3. "The taxes under consideration are global, supranational taxes." FALSE
The taxes under consideration or being implemented (the air-ticket solidarity levy in a dozen countries) are not "global taxes" in that they are mandatory or decided on a supranational basis. They are introduced on a voluntary basis by a group of States, which coordinate their base, rate and use. They are original in that they target sectors that have benefited from economic globalization and the opening of borders (transportation, tourism, telecommunications, the financial sector, etc.) and that are on average less taxed than strictly domestic activities (or not taxed at all, like the foreign exchange market).
4. "Innovative financing affects the smooth running of the market and influences its growth." FALSE
Often drawing on public-private partnerships, innovative financing is based on an awareness of a shared interest to finance development. Economic stakeholders (companies, consumers) who benefit the most from globalization can be interested in making a small contribution to help meet global needs (treating pandemics, tackling climate change, etc.). The funds will end up furthering economic stability and global prosperity. Moreover, it could be economically sound to financially address today’s needs (global public goods) whose cost for the global economy will be much higher if we wait to address them in the future. Lastly, when financing is provided through taxes, they can be designed to be as less distortive as possible from a micro-economic point of view (broad base, low rate, progressive revenue based structure, possible exemptions).
5. "Innovative financing for development complicates aid architecture." FALSE
Countries involved in innovative financing give more importance to abiding by the principles of aid effectiveness and coherence. The priorities financed are those of internationally agreed goals in the area of development. The ways funds are used (pooling resources, concluding long-term contracts with suppliers, responding to recurrent needs of recipient countries) aim to make aid more effective and adapted. The governance of most existing mechanisms (GAVI, UNITAID, etc.) involves countries from various levels of development from every continent in an original way.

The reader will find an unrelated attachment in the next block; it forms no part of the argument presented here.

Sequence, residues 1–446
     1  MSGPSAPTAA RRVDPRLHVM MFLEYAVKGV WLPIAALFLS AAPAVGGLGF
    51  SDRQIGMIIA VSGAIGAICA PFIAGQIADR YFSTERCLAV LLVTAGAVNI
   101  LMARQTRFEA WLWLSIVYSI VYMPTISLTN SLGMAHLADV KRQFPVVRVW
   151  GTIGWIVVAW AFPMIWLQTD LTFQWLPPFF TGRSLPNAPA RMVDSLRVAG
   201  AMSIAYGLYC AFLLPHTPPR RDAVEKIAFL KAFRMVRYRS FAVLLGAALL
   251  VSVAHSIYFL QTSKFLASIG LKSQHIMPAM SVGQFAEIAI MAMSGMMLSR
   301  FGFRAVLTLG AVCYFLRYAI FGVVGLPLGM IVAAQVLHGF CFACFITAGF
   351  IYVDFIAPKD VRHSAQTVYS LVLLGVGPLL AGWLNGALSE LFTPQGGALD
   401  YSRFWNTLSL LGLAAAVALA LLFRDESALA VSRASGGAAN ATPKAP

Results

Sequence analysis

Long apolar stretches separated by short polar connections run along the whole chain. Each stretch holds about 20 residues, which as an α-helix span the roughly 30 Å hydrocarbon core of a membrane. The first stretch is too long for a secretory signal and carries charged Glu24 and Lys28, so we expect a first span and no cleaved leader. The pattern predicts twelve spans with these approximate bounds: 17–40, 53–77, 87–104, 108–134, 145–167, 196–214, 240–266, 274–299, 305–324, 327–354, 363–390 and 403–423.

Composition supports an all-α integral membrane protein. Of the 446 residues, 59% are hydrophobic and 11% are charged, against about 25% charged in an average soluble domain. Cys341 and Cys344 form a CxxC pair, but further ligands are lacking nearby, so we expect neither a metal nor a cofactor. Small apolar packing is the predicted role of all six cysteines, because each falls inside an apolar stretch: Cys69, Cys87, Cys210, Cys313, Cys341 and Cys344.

Different levels of action
The world today is confronted with an undeniable "resource squeeze". On one hand, there is an economic, financial and food crisis dramatically affecting States’ resources against a backdrop of unprecedented global debt. On the other hand, there are needs relating the management of interdependency and international solidarity, which have been growing in recent years, especially in the context of the financial crisis. MDG-related needs, which are worryingly behind schedule in some areas and some countries are compounded with new financial needs relating to climate change: $100 billion from public and private funds need to be raised by 2020 according to the Copenhagen Accord.
Three levels of complementary action must continue to work in synergy to meet these challenges:
The universal level: the United Nations, which by nature deals with global solidarity challenges, has played a decisive role in recognizing innovative financing for development. In 2002, innovative financing mechanisms were mentioned in the Final Declaration of the Monterrey International Conference on Financing for Development and were at the top of the agenda of the Doha Conference, which called for a scaling up of innovative financing. Since 2004, several countries’ initiatives, such as the Brazil-Chile-Spain-France quadripartite group against hunger and poverty, have also played a decisive role in this area.
The multilateral level: in addition to the United Nations, it has been useful to establish a pioneering group to share experiences and best practices, in order to rally political support and serve as a think tank for launching concrete initiatives. This has been the role of a the Leading Group on Innovative Financing to Fund Development (known as the "Leading Group") since 2006 which counts 60 States, international organizations and NGOs among its members. It has an informal structure with a rotating presidency (currently held by Japan). Its secretariat is ensured by France. The Leading Group has effectively promoted the implementation of such financing, at times dispelling misconceptions, and has sought to assess the actual impact of innovative financing on development. Several task forces have been set up within the Leading Group to deal with particular topics (financial integrity, education, international financial transactions). Other initiatives, such as the Task Force on Innovative International Financing for Health Systems, have also played an important role in catalyzing initiatives and financing mechanisms.
The level of operators is also essential: at the most practical level, bodies managing innovative financing - the Global Fund, GAVI (a foundation) and UNITAID (a fund hosted by the WHO) - must move forward together. The lessons they have learned provide a crucial guide for States.